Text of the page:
Liza Dawley, is a junior at St. Olaf College in Northfield, MN, majoring in Sociology/Anthropology with a linguistics concentration. Liza spent the semester studying and interning abroad in Northern Ireland, with HECUA’s Northern Ireland: Democracy and Social Changeprogram, based in Derry/Londonderry. Liza wrote this piece for us a few weeks ago, when members of the HECUA Northern Ireland cohort were lucky enough to meet Egyptian author and activist Mona Eltahawy.

This week, we had the opportunity to meet a strong and fearless woman, Mona Eltahawy. The Foyle Women’s Information Network held a conference entitled Peace, Power, and Patriarchy. The FWIN mission is to “increase the capacity, visibility and voice of women” from the Foyle area, and this was their annual conference.

K’lah, a fellow HECUA student, is interning at The Junction alongside Maureen Hetherington, a speaker at this event. She invited us all along, and five of us were able to attend. The conference hosted three speakers in addition to Mona Eltahawy, the keynote speaker. Dr. Cathy Higgins and Maureen Hetherington spoke about patriarchy in the past and present, in the church and in society. Lilian Seenoi, a refugee from Kenya living in Derry/Londonderry, spoke about her own experience as well as migrant and refugee rights. Finally, Mona spoke about sisterhood and revolution, the trifecta of misogyny: state, street and home, and the need for a sexual revolution both in the Middle East, and universally.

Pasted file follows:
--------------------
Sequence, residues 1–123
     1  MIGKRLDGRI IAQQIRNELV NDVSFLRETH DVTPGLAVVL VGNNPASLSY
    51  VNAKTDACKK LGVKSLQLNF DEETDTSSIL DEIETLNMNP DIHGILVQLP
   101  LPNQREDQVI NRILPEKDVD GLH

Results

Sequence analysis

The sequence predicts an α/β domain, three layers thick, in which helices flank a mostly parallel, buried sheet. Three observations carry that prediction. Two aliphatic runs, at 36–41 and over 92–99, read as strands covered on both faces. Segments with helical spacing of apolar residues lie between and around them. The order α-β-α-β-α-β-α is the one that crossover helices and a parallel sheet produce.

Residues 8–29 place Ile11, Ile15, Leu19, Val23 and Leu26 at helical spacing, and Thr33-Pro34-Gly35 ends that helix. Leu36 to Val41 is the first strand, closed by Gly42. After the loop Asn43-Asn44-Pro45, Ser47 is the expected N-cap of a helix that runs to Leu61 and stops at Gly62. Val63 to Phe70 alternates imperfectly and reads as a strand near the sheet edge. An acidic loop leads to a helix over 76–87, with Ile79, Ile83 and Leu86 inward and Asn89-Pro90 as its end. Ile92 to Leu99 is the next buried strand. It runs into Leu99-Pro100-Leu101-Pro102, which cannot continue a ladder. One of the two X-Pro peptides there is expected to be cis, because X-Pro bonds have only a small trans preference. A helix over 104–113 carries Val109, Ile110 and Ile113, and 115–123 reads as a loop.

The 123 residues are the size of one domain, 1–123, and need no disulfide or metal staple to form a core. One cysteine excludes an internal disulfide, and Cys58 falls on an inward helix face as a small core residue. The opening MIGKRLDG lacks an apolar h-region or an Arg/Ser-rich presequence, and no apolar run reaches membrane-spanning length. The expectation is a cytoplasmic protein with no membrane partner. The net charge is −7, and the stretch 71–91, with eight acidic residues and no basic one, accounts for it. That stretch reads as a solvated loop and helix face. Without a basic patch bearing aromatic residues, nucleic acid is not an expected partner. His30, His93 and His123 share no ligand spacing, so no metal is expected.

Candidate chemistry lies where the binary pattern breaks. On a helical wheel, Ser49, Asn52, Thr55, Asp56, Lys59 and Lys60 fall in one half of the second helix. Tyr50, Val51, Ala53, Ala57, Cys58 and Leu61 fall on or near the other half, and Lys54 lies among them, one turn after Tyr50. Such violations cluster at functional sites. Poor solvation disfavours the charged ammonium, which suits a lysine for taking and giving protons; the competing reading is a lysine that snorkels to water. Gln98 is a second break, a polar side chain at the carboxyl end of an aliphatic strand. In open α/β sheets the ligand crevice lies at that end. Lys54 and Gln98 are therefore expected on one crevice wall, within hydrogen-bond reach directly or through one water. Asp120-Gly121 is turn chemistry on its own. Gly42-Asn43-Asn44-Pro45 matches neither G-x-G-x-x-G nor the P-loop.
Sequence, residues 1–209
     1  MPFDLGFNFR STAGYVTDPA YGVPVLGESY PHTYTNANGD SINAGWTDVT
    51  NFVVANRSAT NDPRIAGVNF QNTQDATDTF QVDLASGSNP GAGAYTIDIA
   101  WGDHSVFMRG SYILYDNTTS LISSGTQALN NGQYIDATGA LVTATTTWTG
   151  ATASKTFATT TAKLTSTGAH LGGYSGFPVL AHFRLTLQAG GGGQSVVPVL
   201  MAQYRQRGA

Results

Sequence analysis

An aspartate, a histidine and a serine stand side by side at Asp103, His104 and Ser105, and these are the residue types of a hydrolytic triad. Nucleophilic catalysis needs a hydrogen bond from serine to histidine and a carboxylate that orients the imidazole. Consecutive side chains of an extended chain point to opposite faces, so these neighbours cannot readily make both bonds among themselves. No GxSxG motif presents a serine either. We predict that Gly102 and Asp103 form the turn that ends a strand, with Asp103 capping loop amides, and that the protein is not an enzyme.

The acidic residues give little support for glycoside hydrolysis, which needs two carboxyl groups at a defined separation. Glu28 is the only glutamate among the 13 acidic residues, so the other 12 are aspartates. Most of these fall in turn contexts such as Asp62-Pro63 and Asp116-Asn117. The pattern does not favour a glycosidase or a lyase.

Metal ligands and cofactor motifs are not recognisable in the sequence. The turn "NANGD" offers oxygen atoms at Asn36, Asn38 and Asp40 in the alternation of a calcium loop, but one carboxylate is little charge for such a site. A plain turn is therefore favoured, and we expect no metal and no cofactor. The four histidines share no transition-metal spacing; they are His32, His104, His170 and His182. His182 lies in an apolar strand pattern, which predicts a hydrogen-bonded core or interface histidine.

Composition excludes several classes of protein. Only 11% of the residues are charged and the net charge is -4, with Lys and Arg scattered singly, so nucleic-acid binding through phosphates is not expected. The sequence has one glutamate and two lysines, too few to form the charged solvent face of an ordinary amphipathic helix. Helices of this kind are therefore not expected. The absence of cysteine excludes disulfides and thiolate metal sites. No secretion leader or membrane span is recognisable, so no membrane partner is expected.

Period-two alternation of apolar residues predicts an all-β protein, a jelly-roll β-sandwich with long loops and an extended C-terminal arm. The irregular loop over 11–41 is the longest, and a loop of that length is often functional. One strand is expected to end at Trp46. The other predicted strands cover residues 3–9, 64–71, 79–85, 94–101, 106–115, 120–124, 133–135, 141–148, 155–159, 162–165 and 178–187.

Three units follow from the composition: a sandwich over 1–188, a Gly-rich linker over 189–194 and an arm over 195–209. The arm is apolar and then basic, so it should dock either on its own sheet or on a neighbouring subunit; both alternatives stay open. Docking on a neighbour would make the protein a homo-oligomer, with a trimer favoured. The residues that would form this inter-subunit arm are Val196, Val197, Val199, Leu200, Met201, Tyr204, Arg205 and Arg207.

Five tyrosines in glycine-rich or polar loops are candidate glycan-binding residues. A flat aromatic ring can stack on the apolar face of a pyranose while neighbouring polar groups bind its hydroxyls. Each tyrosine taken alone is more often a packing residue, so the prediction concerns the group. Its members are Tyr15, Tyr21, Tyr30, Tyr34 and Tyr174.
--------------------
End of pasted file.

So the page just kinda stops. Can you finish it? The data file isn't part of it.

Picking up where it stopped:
Each of these women proposed questions for us to discuss with our tables and each encouraged us to start the difficult conversations about peace, power and patriarchy in society and in politics. They were all incredibly inspirational, fierce, and strong speakers.

The five of us who went were expecting to attend the conference together. However, the FWIN made the decision to split up groups and friends, and assign us all to tables. Walking in, I was quite nervous – I didn’t know what to expect, and honestly, the room was full of white and grey heads. Would there be a place for my views and opinions with such an obvious generational gap? As we got to know one another, I also realized that I was relatively new to these issues – this was my very first women’s conference, whereas for many of the ladies at my table it was old hat. I believe that I lucked out, because my table had wonderfully diverse but thoughtful ideas and opinions and were quite open and receptive to my own.

I spoke to other HECUA students who had different experiences – their table was not so much interested in talking or sharing, or were not as open to differing opinions. I learned so much about what it means to be a woman in Derry, Northern Ireland, and in the world context. This is one example of the opportunities we are presented with [on a HECUA program], living and working in a community, and I am so grateful and pleased that I took advantage of it. I felt connected to the Derry/Londonderry ‘sisterhood’ that Mona spoke about.

Mona was an incredible speaker – she followed no notes and clearly spoke from the heart and soul. She was honest, confident, and somewhat radical for the room. We met her after during her book signing, and were each able to speak to her one on one, and managed to get away with a group picture! If you haven’t already seen it on shelves, go find her book, ‘Headscarves and Hymens: Why the Middle East Needs a Sexual Revolution’. I had a lovely conversation with Mona. I collect quotes, and find quite a lot of inspiration from quotes, so I asked her if she had a favorite.

She pointed a few out in her book, but ended with the following, from Audre Lorde, “caring for myself is not self-indulgence, it is self-preservation and that is an act of political warfare.”